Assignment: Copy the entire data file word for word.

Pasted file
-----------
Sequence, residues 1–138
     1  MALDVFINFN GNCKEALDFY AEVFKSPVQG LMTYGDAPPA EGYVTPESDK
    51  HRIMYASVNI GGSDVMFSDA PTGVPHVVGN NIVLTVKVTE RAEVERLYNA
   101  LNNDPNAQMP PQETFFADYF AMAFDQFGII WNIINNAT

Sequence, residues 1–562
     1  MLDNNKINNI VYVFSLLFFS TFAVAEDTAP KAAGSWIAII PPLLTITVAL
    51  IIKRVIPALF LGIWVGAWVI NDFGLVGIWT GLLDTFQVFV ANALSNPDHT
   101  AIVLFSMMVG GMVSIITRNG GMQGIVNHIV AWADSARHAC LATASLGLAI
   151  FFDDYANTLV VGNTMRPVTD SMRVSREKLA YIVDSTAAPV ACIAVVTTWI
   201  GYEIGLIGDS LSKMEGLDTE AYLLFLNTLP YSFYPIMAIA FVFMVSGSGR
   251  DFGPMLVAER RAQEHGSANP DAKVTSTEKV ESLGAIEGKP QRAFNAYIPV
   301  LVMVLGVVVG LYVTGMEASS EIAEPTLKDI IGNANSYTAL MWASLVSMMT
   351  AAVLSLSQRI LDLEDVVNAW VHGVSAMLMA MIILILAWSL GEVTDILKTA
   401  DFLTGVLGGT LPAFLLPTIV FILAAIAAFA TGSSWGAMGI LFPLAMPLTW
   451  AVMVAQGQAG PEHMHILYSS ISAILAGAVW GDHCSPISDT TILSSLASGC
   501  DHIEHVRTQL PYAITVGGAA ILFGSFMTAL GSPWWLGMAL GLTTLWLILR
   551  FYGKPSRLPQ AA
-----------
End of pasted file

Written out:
Sequence, residues 1–138
     1  MALDVFINFN GNCKEALDFY AEVFKSPVQG LMTYGDAPPA EGYVTPESDK
    51  HRIMYASVNI GGSDVMFSDA PTGVPHVVGN NIVLTVKVTE RAEVERLYNA
   101  LNNDPNAQMP PQETFFADYF AMAFDQFGII WNIINNAT

Sequence, residues 1–562
     1  MLDNNKINNI VYVFSLLFFS TFAVAEDTAP KAAGSWIAII PPLLTITVAL
    51  IIKRVIPALF LGIWVGAWVI NDFGLVGIWT GLLDTFQVFV ANALSNPDHT
   101  AIVLFSMMVG GMVSIITRNG GMQGIVNHIV AWADSARHAC LATASLGLAI
   151  FFDDYANTLV VGNTMRPVTD SMRVSREKLA YIVDSTAAPV ACIAVVTTWI
   201  GYEIGLIGDS LSKMEGLDTE AYLLFLNTLP YSFYPIMAIA FVFMVSGSGR
   251  DFGPMLVAER RAQEHGSANP DAKVTSTEKV ESLGAIEGKP QRAFNAYIPV
   301  LVMVLGVVVG LYVTGMEASS EIAEPTLKDI IGNANSYTAL MWASLVSMMT
   351  AAVLSLSQRI LDLEDVVNAW VHGVSAMLMA MIILILAWSL GEVTDILKTA
   401  DFLTGVLGGT LPAFLLPTIV FILAAIAAFA TGSSWGAMGI LFPLAMPLTW
   451  AVMVAQGQAG PEHMHILYSS ISAILAGAVW GDHCSPISDT TILSSLASGC
   501  DHIEHVRTQL PYAITVGGAA ILFGSFMTAL GSPWWLGMAL GLTTLWLILR
   551  FYGKPSRLPQ AA